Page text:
The paper outline is as follows. In Section 2, we briefly review the analogous time-invariant representation of the periodic systems, known as lifted representation of periodic systems. We discuss the cyclic lifted representation of periodic descriptor system (1). We reviewed the causal-noncausal decomposition, the periodic projected Lyapunov equations [8], and their corresponding lifted forms [7]. We also review some important concepts of the discrete-time descriptor system in linear time-invariant (LTI) form and the balanced truncation (BT) model reduction in LTI case. We also discuss the basics of the generalized ADI method in this section. The main idea behind this is that the concepts in the LTI structures will help more precisely to understand their corresponding periodic interpretations. In Section 3, we discuss the efficient solution of the causal lifted Lyapunov equations using the adaptive shifts based LR-ADI method. We also reviewed the Smith method from [20] for noncausal lifted Lyapunov equations in Section 4. We consider a balanced truncation model reduction method for periodic descriptor systems in Section 5. Section 6 contains numerical results that illustrate the efficiencies of the described iterative methods in model reduction of periodic descriptor system. Section 7 deficits the conclusion and remarks.

#### 2. Preliminaries

In this section, we review the analogous time-invariant representation of the periodic systems, known as lifted representation. We also introduce some notations and briefly review the fundamental concept of balanced truncation model reduction for LTI discrete-time systems. We, afterward, generalize these concepts and results in the periodic setting.

##### 2.1. Cyclic Lifted Representation of Periodic Systems

Analysis and modeling of periodic discrete-systems are often described by an analogous time-invariant representation of the periodic systems, known as lifted representation [1, 2, 6]. Here we consider the cyclic lifted representation [4] of periodic descriptor system (1), given bywhereThe descriptor vector, system input, and output of (2) are related to those of (1) via respectively. We can define the important concepts and dynamics of the periodic systems, such as regularity and asymptotic stability, by using their corresponding lifted forms.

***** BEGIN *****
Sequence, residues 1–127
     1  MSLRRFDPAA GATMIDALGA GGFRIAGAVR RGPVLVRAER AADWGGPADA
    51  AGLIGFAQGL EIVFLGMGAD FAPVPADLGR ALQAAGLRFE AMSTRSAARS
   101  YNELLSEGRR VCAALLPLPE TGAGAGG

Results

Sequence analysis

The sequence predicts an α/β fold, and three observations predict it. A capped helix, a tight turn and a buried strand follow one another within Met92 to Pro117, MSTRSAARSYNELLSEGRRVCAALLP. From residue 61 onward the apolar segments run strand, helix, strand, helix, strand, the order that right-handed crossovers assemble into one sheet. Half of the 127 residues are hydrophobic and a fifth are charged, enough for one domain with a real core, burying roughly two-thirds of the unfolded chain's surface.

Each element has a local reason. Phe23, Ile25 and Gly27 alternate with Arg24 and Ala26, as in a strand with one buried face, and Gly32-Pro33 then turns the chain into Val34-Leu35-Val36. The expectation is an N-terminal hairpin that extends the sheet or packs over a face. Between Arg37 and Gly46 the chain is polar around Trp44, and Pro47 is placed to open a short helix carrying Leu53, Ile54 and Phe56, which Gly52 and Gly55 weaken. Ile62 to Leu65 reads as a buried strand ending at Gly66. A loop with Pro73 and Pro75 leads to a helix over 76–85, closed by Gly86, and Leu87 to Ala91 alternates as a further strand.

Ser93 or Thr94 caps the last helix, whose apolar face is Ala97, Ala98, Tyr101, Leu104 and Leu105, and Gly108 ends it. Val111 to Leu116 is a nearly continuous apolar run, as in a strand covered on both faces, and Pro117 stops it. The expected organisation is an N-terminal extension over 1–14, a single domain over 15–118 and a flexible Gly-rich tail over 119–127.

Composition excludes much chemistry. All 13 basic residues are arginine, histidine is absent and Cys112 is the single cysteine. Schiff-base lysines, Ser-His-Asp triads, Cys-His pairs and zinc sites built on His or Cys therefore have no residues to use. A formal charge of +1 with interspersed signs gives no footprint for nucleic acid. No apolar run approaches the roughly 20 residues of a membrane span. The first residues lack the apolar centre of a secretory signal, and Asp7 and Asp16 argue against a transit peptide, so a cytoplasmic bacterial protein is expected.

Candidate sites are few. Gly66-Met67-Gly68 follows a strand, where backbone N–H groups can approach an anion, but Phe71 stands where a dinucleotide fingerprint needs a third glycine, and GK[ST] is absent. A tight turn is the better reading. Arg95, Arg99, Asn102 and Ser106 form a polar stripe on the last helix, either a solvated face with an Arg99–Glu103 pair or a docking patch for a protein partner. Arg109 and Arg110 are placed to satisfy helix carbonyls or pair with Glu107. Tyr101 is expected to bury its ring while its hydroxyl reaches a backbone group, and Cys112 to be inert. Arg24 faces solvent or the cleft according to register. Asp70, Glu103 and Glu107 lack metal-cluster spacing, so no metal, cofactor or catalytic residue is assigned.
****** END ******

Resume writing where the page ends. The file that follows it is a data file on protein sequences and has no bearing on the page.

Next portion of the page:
##### 2.2. The PPDLEs and Their Lifted Forms

Consider periodic discrete-time descriptor system (1), where the set of periodic matrix pairs is periodic stable [20, 23]. Then the periodic Gramians of discrete-time periodic descriptor systems satisfy a class of projected discrete-time Lyapunov equations [7, 8].

Theorem 1 (see [23]). (1) The periodic projected discrete-time Lyapunov equations with special right hand sideswith , have the unique symmetric, positive semidefinite periodic solutions and , respectively.
(2) The periodic projected discrete-time Lyapunov equations with special right hand sideswith , have the unique symmetric, positive semidefinite periodic solutions and , respectively.

The solutions of (5) and of (6), respectively, are called the causal and noncausal reachability Gramians of system (1). Similarly, the solutions and of (7) and (8), respectively, are called the causal and noncausal observability Gramians of (1).

Theorem 2 (see [7]). Consider a periodic descriptor system (1) and the corresponding lifted form (2), where is periodic stable. Then the matrices and solve the lifted projected discrete-time algebraic Lyapunov equations (LPDALEs):respectively, where , , and are as in (3), and

The matrices and are the solutions of the lifted causal and noncausal reachability Gramians, respectively. A similar result can also be stated for the lifted causal and noncausal observability Gramians [7]. The solution techniques for such Lyapunov equations are shown in [20] using low-rank ADI methods. In the following section we mainly focus on the solution techniques of (9a) more efficiently.

##### 2.3. Balanced Truncation for LTI Discrete-Time Systems